As long as there are consumer goods, there will always be physical packaging. But just because something is meant to be paid for and consumed does not mean its design has to be cloying, condescending, or screaming for your attention. The Mrs. Meyer’s cleaning products are a great recent example of how this can be done distinctively and successfully. The typography is so, well, clean. The red circle with the white interior is strategically placed in the center of the label, clearly telling you what it smells like. The product itself is biodegradable and isn’t tested on animals. The bottles are recyclable.
First impression: I can identify this immediately, and a great product will keep me a return customer.
When I heard that one of my graphic-design heroes, Peter Saville — the legendary designer for Manchester, England, label Factory Records (whose recording artists included Joy Division and New Order) — was going to redesign the iconic Lacoste crocodile (below), I was as surprised as I was delighted. Here were two of my favorite worlds — preppy clothes and post-punk music — colliding unexpectedly and deliriously head-on.
The original logo was created in the 1920s by French tennis star René Lacoste, nicknamed “The Crocodile” for his tenacity on the court. For its 2013 limited edition of the shirt, the Lacoste label hired Saville to reinterpret it, and he did so with inspired fervor. He generated eighty versions in all, commemorating the 80th anniversary of the company. These abstractions are recognizable because we know both the source material and the context: over the heart on a white cotton polo shirt.
First impression of the original logo: Cool metaphor.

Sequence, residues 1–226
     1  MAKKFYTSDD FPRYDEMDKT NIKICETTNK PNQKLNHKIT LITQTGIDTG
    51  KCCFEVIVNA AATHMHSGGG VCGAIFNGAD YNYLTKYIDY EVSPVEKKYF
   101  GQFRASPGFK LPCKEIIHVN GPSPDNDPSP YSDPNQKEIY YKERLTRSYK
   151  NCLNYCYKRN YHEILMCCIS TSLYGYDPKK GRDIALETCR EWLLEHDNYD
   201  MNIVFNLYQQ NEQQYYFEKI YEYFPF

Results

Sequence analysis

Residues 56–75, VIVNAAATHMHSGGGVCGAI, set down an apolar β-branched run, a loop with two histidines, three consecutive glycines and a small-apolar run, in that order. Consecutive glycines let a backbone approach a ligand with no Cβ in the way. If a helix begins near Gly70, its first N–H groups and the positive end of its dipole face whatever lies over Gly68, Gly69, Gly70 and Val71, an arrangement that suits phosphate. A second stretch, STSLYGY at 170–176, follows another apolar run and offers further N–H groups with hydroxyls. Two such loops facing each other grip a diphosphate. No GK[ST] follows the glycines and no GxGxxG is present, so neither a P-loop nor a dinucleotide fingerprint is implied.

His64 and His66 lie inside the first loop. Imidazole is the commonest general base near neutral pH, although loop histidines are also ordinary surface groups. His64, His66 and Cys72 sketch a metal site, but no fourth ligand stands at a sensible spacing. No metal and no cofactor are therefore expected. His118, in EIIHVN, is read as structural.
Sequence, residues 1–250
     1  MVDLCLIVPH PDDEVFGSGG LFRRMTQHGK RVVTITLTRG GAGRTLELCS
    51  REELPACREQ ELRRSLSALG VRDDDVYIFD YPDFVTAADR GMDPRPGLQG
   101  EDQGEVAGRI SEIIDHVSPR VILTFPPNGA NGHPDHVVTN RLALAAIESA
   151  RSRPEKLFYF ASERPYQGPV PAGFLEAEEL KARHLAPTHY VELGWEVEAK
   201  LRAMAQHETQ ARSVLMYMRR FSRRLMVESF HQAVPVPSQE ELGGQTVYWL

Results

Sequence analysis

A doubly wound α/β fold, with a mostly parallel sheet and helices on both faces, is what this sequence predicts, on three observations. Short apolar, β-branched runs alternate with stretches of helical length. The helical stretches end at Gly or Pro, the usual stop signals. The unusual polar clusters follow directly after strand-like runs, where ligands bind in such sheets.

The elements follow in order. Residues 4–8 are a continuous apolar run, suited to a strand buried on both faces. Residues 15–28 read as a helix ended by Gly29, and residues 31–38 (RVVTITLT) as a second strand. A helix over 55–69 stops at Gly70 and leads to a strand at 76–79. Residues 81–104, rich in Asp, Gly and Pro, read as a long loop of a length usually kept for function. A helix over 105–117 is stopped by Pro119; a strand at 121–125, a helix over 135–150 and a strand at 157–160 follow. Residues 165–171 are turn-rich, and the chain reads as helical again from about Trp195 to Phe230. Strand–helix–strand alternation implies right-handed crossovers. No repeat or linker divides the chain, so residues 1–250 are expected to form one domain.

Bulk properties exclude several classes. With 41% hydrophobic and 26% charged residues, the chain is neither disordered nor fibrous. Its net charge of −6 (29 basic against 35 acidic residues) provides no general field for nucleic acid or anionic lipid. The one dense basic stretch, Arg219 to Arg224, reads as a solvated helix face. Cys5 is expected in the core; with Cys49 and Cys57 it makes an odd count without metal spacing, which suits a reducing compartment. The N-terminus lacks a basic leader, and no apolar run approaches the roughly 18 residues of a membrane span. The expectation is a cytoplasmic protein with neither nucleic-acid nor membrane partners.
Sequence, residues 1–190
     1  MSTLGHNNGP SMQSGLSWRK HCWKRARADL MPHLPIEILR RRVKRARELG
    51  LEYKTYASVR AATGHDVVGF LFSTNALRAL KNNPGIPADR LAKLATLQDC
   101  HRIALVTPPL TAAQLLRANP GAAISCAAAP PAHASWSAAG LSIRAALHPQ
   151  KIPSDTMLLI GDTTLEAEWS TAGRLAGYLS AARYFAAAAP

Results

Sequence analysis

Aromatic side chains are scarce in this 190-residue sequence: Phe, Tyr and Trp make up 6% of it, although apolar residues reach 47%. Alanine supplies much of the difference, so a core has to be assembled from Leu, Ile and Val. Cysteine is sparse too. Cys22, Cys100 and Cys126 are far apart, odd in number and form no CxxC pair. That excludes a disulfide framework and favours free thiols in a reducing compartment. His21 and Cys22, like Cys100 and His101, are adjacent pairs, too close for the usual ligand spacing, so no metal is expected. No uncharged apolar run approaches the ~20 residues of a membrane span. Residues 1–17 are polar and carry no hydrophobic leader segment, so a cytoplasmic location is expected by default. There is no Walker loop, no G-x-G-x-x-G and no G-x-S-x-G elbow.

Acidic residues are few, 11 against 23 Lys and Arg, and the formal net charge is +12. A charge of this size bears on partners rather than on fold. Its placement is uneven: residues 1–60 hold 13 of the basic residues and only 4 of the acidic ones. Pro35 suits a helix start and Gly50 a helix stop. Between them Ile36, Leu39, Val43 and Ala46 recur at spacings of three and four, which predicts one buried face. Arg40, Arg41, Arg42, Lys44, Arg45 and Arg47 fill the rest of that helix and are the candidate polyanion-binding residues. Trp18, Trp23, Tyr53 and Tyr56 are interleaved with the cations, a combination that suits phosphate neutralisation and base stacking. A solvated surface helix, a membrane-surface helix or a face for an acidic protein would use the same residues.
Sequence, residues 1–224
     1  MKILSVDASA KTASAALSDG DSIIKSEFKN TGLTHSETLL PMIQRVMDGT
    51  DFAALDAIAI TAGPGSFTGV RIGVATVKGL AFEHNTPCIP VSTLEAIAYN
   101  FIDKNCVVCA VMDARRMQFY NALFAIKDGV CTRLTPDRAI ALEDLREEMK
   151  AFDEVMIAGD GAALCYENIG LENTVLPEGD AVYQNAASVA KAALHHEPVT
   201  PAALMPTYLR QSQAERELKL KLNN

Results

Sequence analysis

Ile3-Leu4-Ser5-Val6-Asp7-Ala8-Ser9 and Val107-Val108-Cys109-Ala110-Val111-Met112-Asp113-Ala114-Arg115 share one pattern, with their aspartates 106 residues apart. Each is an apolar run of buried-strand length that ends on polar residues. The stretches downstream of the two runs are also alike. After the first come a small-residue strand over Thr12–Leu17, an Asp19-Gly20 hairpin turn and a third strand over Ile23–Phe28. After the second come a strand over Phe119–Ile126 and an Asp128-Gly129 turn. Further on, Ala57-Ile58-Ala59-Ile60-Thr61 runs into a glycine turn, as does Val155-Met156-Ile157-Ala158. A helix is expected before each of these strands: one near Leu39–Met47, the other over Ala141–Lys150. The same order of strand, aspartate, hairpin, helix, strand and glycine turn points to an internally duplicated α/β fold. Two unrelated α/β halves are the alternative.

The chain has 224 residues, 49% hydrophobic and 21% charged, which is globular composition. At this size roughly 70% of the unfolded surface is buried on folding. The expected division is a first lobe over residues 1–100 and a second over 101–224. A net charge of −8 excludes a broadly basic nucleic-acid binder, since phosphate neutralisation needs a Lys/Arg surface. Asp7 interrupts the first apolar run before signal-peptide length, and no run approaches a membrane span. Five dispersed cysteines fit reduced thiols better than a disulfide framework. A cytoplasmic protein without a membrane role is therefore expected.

First impression of Saville’s variations: Even cooler.
4. Fully adjustable.
You may or may not be familiar with this side table, but the designer, Eileen Gray (1878-1976), deserves to be a household name. She is my go-to design hero for furniture and interiors, and she came to prominence after her death. Gray befriended contemporaries like Le Corbusier and Marcel Breuer, and her work was inspired by the Bauhaus, but I think she transcended that movement with just the right amount of quirk.
She was recognized by clients and the design cognoscenti of her milieu, but none of her creations were mass-produced in her lifetime, which is tragic, and she faded into obscurity after World War II. But interest in her achievements was revived in 1972 by fashion designer Yves St. Laurent, who bought some of her work at auction. In 2009, Gray’s “Dragons” armchair prototype (ca.1919) sold for more than $28 million, setting a record for twentieth-century furniture that has yet to be surpassed.
The E1027 table (shown), named after the seaside house she built in the south of France with her partner, Jean Badovici, is beautiful, functional, and affordable. This faithful reproduction is widely available now for around $99. It looks great, but the point is that it derives its form from its function: you can slide the base under your bed so that the glass top floats over your lap. The height can be adjusted via the attached key and notched chrome stem.